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Can spontaneous spinal epidural haematoma be managed safely without operation? a report of four cases

Abstract

The presentation, investigation, and management of four patients with spontaneous spinal epidural haematoma is presented. In each case the diagnosis was made by MRI. At the time of diagnosis spontaneous recovery had started in each patient and therefore they were all treated conservatively. In each case follow up MRI confirmed rapid reduction in the size of the haematoma and no underlying cause was demonstrated. The presentation, diagnosis, and rationale for treatment are discussed. Conservative treatment is safe in some cases of spinal epidural haematoma if early neurological recovery has started.

  • haematoma
  • epidural
  • spine
  • treatment outcome

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Spinal epidural haematoma is a rare condition, which may be due to trauma, surgery, epidural catheterisation or disorders of coagulation. In 40%-50% of cases no cause is found and a diagnosis of spontaneous spinal epidural haematoma is appropriate.1 The incidence of spontaneous spinal epidural haematoma is estimated at 0.1/100 000/year.2 Whatever the cause of haemorrhage the mainstay of treatment is urgent surgical decompression and evacuation of the haematoma via a laminectomy.3 There are only a few reports of successful conservative treatment in this condition where symptoms and signs have resolved without surgery. We report on four patients with spontaneous epidural haematomas all treated conservatively with good neurological outcome. The presentation, investigation, and management of the condition are reviewed.

Case reports

PATIENT 1

A 72 year old man developed sudden onset of pain in the cervical spine which radiated to his right arm. Weakness began in the right leg but progressed to the left leg and then to the arms. He was admitted to his local hospital and referred to the neurosurgical unit 24 hours later. Neurological examination showed a profound right sided and milder left sided limb weakness with a sensory level at T8.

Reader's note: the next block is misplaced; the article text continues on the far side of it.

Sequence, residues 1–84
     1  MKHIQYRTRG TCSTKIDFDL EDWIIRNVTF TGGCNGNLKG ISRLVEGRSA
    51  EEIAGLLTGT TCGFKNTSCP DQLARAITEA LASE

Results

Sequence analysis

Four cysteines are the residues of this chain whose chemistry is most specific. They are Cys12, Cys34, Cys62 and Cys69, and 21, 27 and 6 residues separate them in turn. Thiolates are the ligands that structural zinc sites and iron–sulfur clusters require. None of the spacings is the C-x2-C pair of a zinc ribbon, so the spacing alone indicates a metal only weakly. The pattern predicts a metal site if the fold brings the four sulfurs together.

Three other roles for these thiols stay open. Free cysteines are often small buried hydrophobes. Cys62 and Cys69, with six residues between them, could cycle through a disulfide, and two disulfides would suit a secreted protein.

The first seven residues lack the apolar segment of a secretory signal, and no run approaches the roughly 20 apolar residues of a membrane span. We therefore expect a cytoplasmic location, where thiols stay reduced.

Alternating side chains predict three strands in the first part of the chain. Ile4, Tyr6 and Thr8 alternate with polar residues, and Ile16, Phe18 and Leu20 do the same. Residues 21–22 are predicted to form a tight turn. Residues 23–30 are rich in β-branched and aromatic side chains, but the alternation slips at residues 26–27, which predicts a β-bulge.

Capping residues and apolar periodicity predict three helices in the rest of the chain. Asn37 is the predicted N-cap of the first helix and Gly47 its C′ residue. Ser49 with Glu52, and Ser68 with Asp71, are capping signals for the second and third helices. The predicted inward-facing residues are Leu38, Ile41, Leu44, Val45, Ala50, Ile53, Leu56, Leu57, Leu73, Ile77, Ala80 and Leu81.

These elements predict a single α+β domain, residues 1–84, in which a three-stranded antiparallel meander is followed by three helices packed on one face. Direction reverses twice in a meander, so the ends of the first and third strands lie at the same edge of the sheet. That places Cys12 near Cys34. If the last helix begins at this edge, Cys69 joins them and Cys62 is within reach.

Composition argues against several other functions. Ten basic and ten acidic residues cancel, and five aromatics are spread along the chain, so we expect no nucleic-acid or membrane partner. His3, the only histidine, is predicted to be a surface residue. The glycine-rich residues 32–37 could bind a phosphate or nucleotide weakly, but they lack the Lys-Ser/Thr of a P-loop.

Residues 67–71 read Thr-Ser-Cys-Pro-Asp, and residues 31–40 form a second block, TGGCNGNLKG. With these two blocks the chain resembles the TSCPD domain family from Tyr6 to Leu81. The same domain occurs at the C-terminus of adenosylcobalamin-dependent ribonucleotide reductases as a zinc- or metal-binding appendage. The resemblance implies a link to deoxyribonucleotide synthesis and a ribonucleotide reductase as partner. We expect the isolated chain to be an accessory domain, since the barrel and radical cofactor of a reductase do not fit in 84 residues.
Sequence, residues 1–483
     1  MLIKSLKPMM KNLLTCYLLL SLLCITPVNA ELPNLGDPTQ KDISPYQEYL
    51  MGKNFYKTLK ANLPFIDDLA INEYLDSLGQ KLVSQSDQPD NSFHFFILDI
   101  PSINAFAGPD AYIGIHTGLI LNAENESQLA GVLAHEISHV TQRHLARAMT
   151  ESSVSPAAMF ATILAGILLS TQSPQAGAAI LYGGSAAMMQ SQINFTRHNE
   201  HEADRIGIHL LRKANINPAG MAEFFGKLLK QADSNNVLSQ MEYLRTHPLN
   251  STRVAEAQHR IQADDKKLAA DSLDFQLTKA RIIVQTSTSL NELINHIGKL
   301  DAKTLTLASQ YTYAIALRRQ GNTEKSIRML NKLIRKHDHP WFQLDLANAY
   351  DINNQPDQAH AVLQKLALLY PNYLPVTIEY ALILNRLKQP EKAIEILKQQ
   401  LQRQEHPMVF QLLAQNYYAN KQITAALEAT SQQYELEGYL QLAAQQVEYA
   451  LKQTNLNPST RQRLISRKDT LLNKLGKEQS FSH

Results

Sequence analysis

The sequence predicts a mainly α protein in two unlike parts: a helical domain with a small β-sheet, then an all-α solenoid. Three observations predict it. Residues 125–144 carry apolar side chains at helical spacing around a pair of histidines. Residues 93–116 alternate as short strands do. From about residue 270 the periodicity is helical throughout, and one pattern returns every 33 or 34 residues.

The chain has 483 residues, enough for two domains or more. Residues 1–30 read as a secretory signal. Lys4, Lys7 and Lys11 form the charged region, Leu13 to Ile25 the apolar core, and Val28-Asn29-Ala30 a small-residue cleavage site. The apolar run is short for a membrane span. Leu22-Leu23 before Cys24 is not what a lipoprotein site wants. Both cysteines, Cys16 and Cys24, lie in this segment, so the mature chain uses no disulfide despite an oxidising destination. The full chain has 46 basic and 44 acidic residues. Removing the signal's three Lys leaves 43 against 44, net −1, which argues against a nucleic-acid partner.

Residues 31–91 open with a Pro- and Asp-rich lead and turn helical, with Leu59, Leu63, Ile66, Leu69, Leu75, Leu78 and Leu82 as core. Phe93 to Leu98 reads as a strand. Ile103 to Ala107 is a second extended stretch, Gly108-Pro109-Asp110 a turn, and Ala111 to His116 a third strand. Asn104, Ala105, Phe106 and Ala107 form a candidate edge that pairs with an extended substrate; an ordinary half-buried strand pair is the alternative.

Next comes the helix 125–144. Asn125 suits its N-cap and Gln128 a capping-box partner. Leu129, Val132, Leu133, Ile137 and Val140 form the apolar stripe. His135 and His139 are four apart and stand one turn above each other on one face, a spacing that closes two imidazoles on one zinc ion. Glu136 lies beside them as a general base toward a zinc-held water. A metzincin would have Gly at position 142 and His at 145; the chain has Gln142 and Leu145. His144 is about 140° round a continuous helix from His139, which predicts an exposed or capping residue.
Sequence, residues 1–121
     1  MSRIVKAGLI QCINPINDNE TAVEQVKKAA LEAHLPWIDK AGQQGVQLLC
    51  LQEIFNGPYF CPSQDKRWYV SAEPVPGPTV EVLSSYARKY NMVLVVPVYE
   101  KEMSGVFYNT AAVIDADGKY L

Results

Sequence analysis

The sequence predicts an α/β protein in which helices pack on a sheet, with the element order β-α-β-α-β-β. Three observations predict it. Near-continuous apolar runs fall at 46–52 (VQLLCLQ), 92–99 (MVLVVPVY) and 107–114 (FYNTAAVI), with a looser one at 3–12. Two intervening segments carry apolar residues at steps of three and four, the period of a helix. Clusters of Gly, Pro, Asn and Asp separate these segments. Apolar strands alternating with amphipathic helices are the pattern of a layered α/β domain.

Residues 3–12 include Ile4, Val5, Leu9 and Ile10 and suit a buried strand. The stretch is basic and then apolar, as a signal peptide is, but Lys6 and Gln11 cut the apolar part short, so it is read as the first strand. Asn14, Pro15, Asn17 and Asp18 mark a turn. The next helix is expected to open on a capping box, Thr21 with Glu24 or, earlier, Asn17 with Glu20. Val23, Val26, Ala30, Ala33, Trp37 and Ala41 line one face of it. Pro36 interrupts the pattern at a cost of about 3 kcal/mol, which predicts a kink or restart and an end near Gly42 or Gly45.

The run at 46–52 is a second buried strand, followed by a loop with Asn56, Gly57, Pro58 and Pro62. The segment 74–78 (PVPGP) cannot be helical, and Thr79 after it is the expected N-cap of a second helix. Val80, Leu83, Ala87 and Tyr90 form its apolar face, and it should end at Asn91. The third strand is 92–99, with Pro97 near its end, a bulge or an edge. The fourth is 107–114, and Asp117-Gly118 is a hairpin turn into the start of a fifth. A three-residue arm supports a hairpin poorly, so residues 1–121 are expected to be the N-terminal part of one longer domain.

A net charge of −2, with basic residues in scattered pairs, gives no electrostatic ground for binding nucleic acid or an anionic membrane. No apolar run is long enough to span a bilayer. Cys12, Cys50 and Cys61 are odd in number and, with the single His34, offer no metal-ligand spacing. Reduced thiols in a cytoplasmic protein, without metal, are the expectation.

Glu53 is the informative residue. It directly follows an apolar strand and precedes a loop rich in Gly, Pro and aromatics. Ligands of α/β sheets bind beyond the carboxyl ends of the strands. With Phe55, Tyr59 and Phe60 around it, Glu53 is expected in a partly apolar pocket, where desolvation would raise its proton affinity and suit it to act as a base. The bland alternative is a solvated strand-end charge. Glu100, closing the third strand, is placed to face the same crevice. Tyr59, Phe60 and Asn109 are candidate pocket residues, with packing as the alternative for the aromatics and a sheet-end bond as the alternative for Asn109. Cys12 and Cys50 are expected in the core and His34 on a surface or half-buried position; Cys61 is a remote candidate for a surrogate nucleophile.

Haematological tests were normal. An urgent MRI showed that the spinal cord was compressed by a right posterolateral epidural mass extending from the inferior border of C2 to the midbody of T2 (fig 1). On T1 weighted images the mass was slightly hyperintense compared with the cord. On T2 weighted sections it was almost as bright as CSF. There was no enhancement with contrast.

Figure 1

Fast spin echo sagittal T2 weighted MRI. The epidural lesion is isointense but slightly heterogeneous compared with CSF. The low signal intensity of the dura separating the lesion and cord is clearly seen.

A diagnosis of spontaneous epidural haematoma was made on the basis of the clinical history and MR appearances. The patient's condition was improving and he was managed conservatively with initial bed rest, a hard cervical collar, and dexamethasone. Three days later he was walking with assistance. A repeat MRI 6 days after admission demonstrated reduced cord compression. The mass now showed a high signal on T1 weighted images consistent with the presence of methaemoglobin.

Four months later the patient had normal power and only mild hyperaesthesia on the left side. A further MRI showed resolution of the epidural mass and no intrinsic cord abnormality.

PATIENT 2

This 64 year old housewife complained of sudden onset of pain radiating to the left arm while on holiday in the Channel Islands. Within 30 minutes she developed weakness in the right arm and leg and was unable to stand. Weakness then progressed to involve the left arm and leg. On examination in the local hospital she had a severe flaccid tetraparesis with a pin prick sensory level on the left below C6. The patient was transferred to the neurosurgical unit in Southampton by air and arrived 5 hours after the onset of symptoms.

At initial assessment in the neurosurgical unit there had been considerable motor and sensory improvement. Blood tests including coagulation were normal.

An urgent MR scan was performed and demonstrated a posteriorly situated epidural mass extending from C2 to T1 causing spinal cord compression between C3 and C6, maximal at C4/5. The mass was hyperintense to the cord and slightly hypointense to CSF on T2 weighted images and slightly hyperintense to the cord on the T1 weighted sequence. There was a small area of high signal within the cord on T2 weighted images at C4/5 (fig2).